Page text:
26 September 2023

JAMAICA: Majority for paid paternity leave

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More than 90 per cent of Jamaica’s Public Servants are in favour of paid paternity leave, an online survey has revealed.

However, the majority of Millennials surveyed (52 per cent) believed it would be abused if not properly managed, while only 36 per cent of the respondents, classified as Baby Boomers and Generation X, believed that it wouldn’t.

The survey was conducted by the University of the West Indies and had 525 respondents.

A total of 58 per cent of respondents believed that fathers should be able to benefit from paid paternity leave as much as three times in any one employment, while 18 per cent believe it should be one to two times in any one employment.

Just over half of the respondents (52 per cent) believed that fathers should be granted at least six weeks paid paternity leave, whereas 40 per cent believe it should be between three to four weeks.

Roughly half of the Millennials surveyed believed that the benefits of paid paternity leave would lead to greater family responsibility through shared parenting and would provide support for a stable home environment.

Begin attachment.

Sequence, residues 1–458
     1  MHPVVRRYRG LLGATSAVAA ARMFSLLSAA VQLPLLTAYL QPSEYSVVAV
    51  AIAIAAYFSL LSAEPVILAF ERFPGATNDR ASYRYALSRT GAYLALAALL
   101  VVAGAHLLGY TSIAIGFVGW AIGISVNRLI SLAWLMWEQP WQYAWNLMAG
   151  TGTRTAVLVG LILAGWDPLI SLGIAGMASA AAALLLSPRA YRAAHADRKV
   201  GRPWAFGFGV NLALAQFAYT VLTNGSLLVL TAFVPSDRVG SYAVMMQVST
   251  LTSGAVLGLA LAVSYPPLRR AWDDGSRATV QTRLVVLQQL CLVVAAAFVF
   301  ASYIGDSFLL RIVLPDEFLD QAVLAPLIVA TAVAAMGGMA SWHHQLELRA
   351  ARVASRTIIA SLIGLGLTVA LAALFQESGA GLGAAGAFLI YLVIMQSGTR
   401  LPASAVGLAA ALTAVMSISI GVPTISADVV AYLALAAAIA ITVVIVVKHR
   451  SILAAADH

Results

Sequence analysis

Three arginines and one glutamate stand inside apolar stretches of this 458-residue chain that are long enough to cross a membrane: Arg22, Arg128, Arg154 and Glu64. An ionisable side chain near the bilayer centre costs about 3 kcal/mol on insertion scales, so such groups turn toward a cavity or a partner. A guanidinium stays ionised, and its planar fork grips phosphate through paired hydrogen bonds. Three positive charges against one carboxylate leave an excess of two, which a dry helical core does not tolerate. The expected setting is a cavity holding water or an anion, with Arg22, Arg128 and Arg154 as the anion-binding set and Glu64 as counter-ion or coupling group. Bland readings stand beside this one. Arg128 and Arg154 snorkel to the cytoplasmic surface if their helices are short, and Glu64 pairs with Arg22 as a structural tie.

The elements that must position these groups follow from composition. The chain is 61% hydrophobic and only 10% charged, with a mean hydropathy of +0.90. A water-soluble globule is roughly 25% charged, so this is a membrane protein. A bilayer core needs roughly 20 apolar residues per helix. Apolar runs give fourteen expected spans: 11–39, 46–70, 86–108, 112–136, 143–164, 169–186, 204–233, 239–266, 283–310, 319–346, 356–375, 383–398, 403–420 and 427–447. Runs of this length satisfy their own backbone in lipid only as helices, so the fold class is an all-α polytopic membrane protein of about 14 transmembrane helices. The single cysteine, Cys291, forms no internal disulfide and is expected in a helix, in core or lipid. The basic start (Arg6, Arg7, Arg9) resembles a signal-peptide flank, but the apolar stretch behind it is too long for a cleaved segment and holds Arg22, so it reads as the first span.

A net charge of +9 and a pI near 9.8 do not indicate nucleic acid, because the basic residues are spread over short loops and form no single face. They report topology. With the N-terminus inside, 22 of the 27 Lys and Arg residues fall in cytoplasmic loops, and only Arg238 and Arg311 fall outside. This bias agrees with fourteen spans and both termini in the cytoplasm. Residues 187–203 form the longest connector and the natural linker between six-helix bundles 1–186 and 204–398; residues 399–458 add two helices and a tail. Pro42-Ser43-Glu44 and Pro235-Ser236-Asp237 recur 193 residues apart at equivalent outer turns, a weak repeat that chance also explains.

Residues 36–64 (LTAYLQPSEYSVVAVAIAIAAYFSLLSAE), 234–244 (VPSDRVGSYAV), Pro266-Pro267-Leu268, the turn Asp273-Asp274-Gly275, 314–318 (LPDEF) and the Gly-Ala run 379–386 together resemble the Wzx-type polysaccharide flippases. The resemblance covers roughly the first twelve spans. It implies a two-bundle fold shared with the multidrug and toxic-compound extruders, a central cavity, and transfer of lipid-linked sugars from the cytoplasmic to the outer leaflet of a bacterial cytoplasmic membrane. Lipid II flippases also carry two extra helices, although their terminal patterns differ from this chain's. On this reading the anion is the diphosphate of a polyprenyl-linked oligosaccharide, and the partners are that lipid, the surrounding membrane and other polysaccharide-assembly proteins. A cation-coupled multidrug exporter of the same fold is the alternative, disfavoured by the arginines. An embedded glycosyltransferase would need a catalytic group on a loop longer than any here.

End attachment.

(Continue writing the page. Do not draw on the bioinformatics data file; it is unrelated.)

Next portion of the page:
Some 38 per cent believed the benefits would be critical bonding time, which would lead to improvements in family life.

Head of the Hugh Shearer Labour Studies Institute at the University of the West Indies, Danny Roberts (pictured) said the study had been more generational than gender-focused “to get a glimpse into an area of demographic behaviour that could provide better understanding of life course trajectories”.

He said the study provided the opportunity for policy shifts that addressed cultural issues and stereotypical mindsets across genders.

“Even in the United States, where no paternity leave exists at the Federal level, more companies are introducing paid paternity leave to encourage fathers to be more meaningfully involved in their child’s life,” Mr Roberts said.

Kingston, 12 April 2020

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